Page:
being in one's room and being in front of a screen and getting pleasure from something that is so easy to get and, so, one just becomes more and more into it, and it's with full self-loathing and guilt and all the emotions. I am sure, Mr. Beckham that you are miserable about this. I can understand that. I mean, I completely understand that. But, you know, I am not a therapist. I am not a psychologist or psychiatrist. My job is not to solve those problems. I mean, your job is to solve those problems and with the help that one hopes you will get. My job is to follow the law. And I really commend your cousin, the Minister, because I think he is doing something fabulous for you, and that is just sitting down and talking to you and trying to help you understand how it is you went down the wrong path. And, you know, our society is saturated with pornography soft porn, hard porn. It's sex, sex, sex all over the place. It's very difficult to avoid it. And certainly on the Internet it's every place and it's hard to not have that as a mind set. And I think the Minister has been doing from what he said, he is simply trying to help you understand that that is something you have got to get out of the habit of. And, from what you have said, you have taken that in, but there's a lot more work that needs to be done. The encounter with the boy in Canada I think is just when I look at that and then I listen to your parents and I listen to you and I listen to the Minister and I listen to Mr. Rozan, who is eloquent, you know, beyond belief, very eloquent -- and I know it's from his heart but when I look at all of that and I just consider this episode with the boy in Canada, there's a disconnect here. I mean, there's a big, big, big disconnect. And I'm not saying you're lying. I'm not saying you're trying to deceive me. I don't think you are. But you have got the idea that -- it wasn't okay. You knew it wasn't okay, but it just it was kind of okay for you. It wasn't okay, you felt guilty about it. You knew your parents wouldn't approve. You knew that the Minister wouldn't approve. But, you know, that was something that gave you pleasure and, so, you you know, that's what you did. And, you know, God knows we all sin, we all are sinners, but this was something really, really bad, and I don't think you really in your desire to make your life right, I think you are, in your own mind, minimizing what this was to those of us who look at it in an objective way. So, anyway... I know you're depressed. I know you have got some obsessive/compulsive problems. I know that you may be a sex addict, although I don't what a sex addict is, but, to me, an addict is somebody who has got a chemical dependency. I don't really think of people as sex addicts, but somebody who has gotten so into the whole sex thing that they're not really that that's the only thing that kind of gives them pleasure. It fills that gaping hole in their heart, like some people believe, not others, and all that.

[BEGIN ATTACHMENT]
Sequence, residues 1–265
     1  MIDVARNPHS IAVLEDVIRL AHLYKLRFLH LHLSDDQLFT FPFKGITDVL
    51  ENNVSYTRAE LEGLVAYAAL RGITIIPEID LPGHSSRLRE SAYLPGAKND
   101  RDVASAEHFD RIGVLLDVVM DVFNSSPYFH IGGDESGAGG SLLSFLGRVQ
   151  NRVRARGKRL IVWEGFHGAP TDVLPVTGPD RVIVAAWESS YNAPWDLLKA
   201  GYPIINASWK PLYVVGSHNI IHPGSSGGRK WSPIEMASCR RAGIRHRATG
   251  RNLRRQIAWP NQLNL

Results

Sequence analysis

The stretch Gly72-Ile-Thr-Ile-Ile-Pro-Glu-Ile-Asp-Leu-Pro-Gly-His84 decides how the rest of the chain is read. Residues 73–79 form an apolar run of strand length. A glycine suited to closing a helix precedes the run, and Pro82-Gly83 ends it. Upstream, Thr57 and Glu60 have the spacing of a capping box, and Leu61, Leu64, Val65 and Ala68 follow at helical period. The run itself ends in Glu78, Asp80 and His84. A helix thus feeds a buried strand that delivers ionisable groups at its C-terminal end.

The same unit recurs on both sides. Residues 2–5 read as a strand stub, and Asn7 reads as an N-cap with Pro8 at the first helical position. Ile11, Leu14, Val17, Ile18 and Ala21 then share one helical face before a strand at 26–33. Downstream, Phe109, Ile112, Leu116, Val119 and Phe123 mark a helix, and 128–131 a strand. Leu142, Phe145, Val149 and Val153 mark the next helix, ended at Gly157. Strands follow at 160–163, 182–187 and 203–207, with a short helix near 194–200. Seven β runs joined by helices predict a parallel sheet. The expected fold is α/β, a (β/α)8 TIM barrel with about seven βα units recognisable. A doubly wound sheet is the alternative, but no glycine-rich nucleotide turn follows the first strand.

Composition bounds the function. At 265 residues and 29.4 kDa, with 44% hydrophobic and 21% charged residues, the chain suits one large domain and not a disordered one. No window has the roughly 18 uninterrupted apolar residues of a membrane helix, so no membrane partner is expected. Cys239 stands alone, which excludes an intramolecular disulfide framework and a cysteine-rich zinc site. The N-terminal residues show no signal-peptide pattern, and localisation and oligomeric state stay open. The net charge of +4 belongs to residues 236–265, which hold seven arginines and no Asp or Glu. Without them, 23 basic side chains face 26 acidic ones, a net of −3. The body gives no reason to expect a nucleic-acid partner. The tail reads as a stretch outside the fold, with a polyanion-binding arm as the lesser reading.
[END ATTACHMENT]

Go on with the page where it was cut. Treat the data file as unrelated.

But you have got lots and lots and lots of problems and my heart goes out to you. I know you have got to solve a lot of problems. But my job -- as I said before, my job is to be the judge and I have got to decide what the proper sentence is for you. And, as I said before, I do not believe that under the Guidelines a diminished capacity is available for you because of the kind of crime it is. And then it comes to whether I should sentence you to a non-guideline sentence. I, o f course, looked at the Guidelines and looked at 18, United States Code, Section 3553(a), which sets out a bunch of factors, but I think the facts that 18, United States Code, Section 3553(a) set out that are most important in this case are the need for the sentence imposed to reflect the seriousness of the offense, to provide just punishment and to protect the public from further crimes from the Defendant, Mr. Beckham. So, I have considered the Guidelines, I have considered 3553(a) and I find that a sentence within the Guidelines will satisfy the factors of 18, United States Code, Section 3553(a). So, pursuant to the Sentencing Reform Act of 1984, it's the judgment of the Court that the Defendant, Dale Eric Beckham, is hereby committed to the custody of the Bureau of Prisons to be imprisoned for a term of 210 months. (Transcript of Sentencing Hearing, Document No. 107, pp. 45-50. Beckham was sentenced to a term of imprisonment of 210 months, to be followed by a life term of supervised release. Beckham was also ordered to pay a special assessment of $100.00. (Document No. 90, Transcript of Sentencing Hearing, Document No.107, pp. 45-55). Judgment was entered on November 15, 2007. (Document No. 94). The docket sheet reveals that Beckham filed a § 2255 motion (Document No. 97) on November 6, 2008. In his § 2255 motion, Beckham challenges the voluntariness of his guilty plea based on counsel's representations that he could appeal his original sentence despite language to the contrary on the written plea agreement and he further claims that his attorney told him that any sentence over five or seven years "would be an abuse of discretion and they could appeal that sentence." (Document No. 97, p. 8). Beckham, through grounds two and three, alleges that he received ineffective assistance of counsel when his attorney failed to properly advise him regarding the consequences of his guilty plea. According to Beckham, his counsel failed to conduct a proper 15